Brown’s admiration for Hurts, though, runs deep. He watched as his friend was benched in the national championship against Georgia for Tua Tagovailoa during the 2017 season, lost the starting job in 2018, and then led Alabama to an SEC Championship win over that same Georgia team later that season when Tagovailoa went down with an injury.
“For him to get benched and come back in and play well in that championship game, I told him, me personally, I couldn’t have went through that. I learned something from him in that situation,” Brown said.
“We talked that night after everything had happened. He was so calm. We just talked, and he knew what he had to do — he had to go to work. It took a tremendous amount of character to sit through that. But I think that’s just who he is, that’s how he was raised.”
Hurts responded in kind, including on draft night in 2019. Brown had hopes of going in the first round but slipped to the second before being selected 51st overall by the Titans. Hurts was by his side at the draft party.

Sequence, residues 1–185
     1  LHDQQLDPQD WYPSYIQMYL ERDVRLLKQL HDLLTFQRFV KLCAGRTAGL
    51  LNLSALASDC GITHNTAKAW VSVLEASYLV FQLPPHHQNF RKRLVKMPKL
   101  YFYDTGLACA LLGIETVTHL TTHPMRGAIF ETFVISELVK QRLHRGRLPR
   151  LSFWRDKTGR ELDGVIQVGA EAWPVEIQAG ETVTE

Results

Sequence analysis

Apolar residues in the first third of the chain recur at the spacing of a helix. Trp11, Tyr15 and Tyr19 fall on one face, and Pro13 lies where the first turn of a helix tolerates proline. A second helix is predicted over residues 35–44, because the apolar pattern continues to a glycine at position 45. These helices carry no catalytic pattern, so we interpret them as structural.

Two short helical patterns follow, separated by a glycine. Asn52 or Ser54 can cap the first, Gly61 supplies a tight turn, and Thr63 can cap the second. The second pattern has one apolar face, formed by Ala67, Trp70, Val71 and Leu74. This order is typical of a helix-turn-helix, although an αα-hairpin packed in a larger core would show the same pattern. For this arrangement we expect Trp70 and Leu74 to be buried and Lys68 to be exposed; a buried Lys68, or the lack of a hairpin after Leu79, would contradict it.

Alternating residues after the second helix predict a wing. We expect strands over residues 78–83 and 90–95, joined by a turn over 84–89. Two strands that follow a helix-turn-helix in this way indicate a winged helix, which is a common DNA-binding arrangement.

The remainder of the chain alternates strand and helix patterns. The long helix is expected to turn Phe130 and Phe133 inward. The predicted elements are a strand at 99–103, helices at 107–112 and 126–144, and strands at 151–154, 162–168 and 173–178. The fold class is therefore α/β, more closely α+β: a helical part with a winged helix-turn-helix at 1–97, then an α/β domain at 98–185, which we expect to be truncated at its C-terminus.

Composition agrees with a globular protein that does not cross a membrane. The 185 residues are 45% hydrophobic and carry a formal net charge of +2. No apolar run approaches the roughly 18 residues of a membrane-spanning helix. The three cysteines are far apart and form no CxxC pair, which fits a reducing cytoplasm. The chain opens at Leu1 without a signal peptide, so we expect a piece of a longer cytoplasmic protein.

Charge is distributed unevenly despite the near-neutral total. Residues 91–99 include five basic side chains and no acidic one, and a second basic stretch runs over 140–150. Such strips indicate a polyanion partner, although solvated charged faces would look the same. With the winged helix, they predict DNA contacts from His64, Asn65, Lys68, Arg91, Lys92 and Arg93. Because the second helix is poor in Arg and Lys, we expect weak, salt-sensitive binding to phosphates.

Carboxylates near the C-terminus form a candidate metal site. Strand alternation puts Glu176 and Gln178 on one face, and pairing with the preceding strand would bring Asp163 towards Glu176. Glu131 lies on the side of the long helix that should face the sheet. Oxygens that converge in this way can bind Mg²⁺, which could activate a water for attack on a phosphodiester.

“He’s a person that’s been there through everything,” Hurts said. “He never changed throughout any type of circumstance or situation. I appreciate him for that and I appreciate the bond we have and the aspirations and ambitions we have. We get to chase those things together.”
Hurts called his shot.
He had traveled to Mississippi last April to attend the birthday party for his goddaughter, Jersee, Brown’s 2-year-old.
Like most times when they get together, the duo found a local field to work out on.
“In the middle of the throwing session, Jalen said he’s going to ask for [the Eagles] to trade for me,” Brown said. “We were laughing and joking. We had no idea this was going to happen.”
Turns out, Hurts had been “putting a bug in [management’s] ear,” per Brown, to bring him on board.
Brown had surpassed 1,000 yards in each of his first two seasons with the Titans, including a 70-catch, 1,075-yard campaign in 2020 when he hauled in a career-best 11 TDs. In 2021, he had 63 catches for 869 yards and five touchdowns in 13 games. But with Brown reaching an impasse with Tennessee as he sought a new deal, Eagles general manager Howie Roseman worked behind the scenes to make the trade happen.